The Sorrows of Young Werewolf (eyeteeth) wrote,
The Sorrows of Young Werewolf

Gould and Pyle and Günter and Phineas

Every time I think I've scraped the very bottom of this particular barrel, I find a slightly deeper barrel. It seems that Günter is a member of the Sturmabteilung, a Stormtrooper. Being undead will give him a decided advantage if the Gestapo comes after him on the Night of the Long Knives.

Incidentally, I recently got a wonderful old medical textbook that I've wanted for a while, Anomalies and Curiosities of Medicine by Gould and Pyle. It's from 1896 so it's full of stuff they wouldn't waste ink on today, like that one story about the nobleman who had an evil twin growing out of his head that whispered to him and made him insane, and stories about guys who were still out threshing wheat or whatever at age 130. (My mother's family, as I will waste no opportunity to mention, boasts a farmer who died at ninety-two in a calf-roping accident, but that's about the upper limit of credibility, I think.) It's also full of actual medical facts, like descriptions of fibrodysplasia ossificans progressiva and cyclopia (which I'm not going to link to because if I do my sister might click the link against her better judgment and be grossed out all day). Then there's stuff that for all I know might be true, like "So-and-so reports the case of a girl who menstruated through her elbow" or whatever. (You'd be astonished at the sheer variety of places from which women have menstruated, according to Gould and Pyle.) Walter's grandfather Dr. Keen, one of the leading medical men of his day, makes several appearances.

Given the date of publication of course the book has a mention of our phriend Phineas, whose accident had taken place about fifty years earlier, though I find it interesting that no mention of personality changes is made. There is, however, this:
Mendenhall reports the history of an injury to a laborer nineteen years old. While sitting on a log a few feet from a comrade who was chopping wood, the axe glanced and, slipping from the woodman's grasp, struck him just above the ear, burying the "bit" of the axe in his skull. Two hours afterward he was seen almost pulseless, and his clothing drenched with blood which was still oozing from the wound with mixed brain-substance and fragments of bone. The cut was horizontal on a level with the orbit, 5 1/2 inches long externally, and, owing to the convex shape of the axe, a little less internally. Small spicules of bone were removed, and a cloth was placed on the battered skull to receive the discharges for the inspection of the surgeon, who on his arrival saw at least two tablespoonfuls of cerebral substance on this cloth. Contrary to all expectation this man recovered, but, strangely, he had a marked and peculiar change of voice, and this was permanent. From the time of the reception of the injury his whole mental and moral nature had undergone a pronounced change. Before the injury, the patient was considered a quiet, unassuming, and stupid boy, but universally regarded as honest. Afterward he became noisy, self-asserting, sharp, and seemingly devoid of moral sense or honesty.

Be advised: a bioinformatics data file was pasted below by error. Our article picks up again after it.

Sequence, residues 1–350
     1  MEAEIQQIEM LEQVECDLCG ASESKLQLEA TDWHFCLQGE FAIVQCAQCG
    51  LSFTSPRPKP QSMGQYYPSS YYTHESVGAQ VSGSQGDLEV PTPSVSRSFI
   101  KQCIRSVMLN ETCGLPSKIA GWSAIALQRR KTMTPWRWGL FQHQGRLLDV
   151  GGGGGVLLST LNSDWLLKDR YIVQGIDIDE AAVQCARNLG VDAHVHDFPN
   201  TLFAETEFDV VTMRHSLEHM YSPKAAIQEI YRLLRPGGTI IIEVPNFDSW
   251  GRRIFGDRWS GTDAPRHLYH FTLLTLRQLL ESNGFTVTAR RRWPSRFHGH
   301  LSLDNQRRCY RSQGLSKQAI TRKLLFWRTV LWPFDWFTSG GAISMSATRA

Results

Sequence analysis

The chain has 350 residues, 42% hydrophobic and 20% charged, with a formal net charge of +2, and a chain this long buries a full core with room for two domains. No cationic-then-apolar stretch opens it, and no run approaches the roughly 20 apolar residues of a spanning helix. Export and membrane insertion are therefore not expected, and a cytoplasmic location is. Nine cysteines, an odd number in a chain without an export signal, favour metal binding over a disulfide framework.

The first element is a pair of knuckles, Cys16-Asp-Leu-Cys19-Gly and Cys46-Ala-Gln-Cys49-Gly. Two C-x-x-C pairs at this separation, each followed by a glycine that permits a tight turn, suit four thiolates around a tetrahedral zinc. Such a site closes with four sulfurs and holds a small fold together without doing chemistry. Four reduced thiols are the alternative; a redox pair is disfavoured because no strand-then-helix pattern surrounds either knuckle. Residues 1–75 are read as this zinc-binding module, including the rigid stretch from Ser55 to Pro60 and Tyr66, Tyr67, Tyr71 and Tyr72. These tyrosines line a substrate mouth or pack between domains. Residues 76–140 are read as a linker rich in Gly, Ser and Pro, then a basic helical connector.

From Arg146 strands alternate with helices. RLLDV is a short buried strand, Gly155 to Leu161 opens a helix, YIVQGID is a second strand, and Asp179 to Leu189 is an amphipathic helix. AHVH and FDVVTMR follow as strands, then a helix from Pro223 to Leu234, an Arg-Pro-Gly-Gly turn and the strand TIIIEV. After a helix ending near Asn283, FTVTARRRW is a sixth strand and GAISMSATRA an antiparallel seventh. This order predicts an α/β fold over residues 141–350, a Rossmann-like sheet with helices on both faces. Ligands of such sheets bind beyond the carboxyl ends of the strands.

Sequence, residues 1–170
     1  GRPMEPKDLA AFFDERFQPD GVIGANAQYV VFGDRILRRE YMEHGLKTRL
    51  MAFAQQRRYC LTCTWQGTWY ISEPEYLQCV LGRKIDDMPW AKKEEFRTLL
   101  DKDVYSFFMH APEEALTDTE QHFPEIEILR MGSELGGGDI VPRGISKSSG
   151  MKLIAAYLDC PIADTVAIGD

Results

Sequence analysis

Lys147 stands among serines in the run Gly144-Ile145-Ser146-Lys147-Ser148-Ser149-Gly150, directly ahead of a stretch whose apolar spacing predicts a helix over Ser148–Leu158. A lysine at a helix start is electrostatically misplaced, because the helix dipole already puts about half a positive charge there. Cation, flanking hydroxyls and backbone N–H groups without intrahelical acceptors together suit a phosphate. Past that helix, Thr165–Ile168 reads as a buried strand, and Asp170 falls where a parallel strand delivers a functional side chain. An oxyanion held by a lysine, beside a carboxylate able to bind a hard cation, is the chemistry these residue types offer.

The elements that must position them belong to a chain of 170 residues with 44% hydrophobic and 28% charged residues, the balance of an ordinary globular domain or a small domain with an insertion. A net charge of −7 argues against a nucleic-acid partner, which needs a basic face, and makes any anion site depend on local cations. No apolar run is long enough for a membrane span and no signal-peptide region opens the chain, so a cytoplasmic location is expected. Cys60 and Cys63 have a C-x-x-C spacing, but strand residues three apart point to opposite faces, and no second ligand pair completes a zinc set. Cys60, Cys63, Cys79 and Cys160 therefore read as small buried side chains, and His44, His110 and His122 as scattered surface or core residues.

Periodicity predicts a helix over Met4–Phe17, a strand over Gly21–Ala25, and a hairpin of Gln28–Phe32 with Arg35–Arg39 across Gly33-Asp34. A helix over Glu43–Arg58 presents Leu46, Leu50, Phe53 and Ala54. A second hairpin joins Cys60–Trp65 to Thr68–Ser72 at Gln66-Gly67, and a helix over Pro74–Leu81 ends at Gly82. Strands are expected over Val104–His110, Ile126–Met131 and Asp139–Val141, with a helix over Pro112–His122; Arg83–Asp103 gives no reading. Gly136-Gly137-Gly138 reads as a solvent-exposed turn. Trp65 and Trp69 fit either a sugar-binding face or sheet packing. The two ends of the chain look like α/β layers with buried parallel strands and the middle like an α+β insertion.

That sounds familiar, doesn't it? This makes me wonder if "He was normal before and now he's an asshole" is just a story people liked to tell about guys who got foreign objects in their brains -- or even if this is a story that shifted from the second guy to Phineas.

Here's a guy I particularly like:
Percy saw the famous Tarrare, who died at Versailles, at about twenty-six years of age. At seventeen he weighed 100 pounds. He ate a quarter of beef in twenty-four hours. He was fond of the most revolting things. He particularly relished the flesh of serpents and would quickly devour the largest. In the presence of Lorenze he seized a live cat with his teeth, eventrated it, sucked its blood, and ate it, leaving the bare skeleton only. In about thirty minutes he rejected the hairs in the manner of birds of prey and carnivorous animals. He also ate dogs in the same manner. On one occasion it was said that he swallowed a living eel without chewing it; but he had first bitten off its head. He ate almost instantly a dinner that had been prepared for 15 vigorous workmen and drank the accompanying water and took their aggregate allowance of salt at the same time. After this meal his abdomen was so swollen that it resembled a balloon. He was seen by Courville, a surgeon-major in a military hospital, where he had swallowed a wooden box wrapped in plain white paper. This he passed the next day with the paper intact. The General-in-chief had seen him devour thirty pounds of raw liver and lungs. Nothing seemed to diminish his appetite. He waited around butcher-shops to eat what was discarded for the dogs. He drank the bleedings of the hospital and ate the dead from the dead-houses. He was suspected of eating a child of fourteen months, but no proof could be produced of this. He was of middle height...

Wait, go back. What did you say before "He was of middle height"?
Tags: books, gruesome historical information, phineas gage, stix, w. w. keen
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